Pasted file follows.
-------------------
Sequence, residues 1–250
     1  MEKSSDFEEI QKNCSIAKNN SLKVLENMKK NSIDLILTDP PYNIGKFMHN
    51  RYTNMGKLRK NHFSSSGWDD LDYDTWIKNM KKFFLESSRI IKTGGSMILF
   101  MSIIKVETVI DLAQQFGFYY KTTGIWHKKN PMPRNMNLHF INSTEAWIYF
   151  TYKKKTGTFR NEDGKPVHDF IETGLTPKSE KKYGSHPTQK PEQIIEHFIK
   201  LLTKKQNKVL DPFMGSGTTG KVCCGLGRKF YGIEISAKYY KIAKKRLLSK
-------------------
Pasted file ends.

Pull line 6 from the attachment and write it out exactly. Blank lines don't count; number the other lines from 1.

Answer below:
   201  LLTKKQNKVL DPFMGSGTTG KVCCGLGRKF YGIEISAKYY KIAKKRLLSK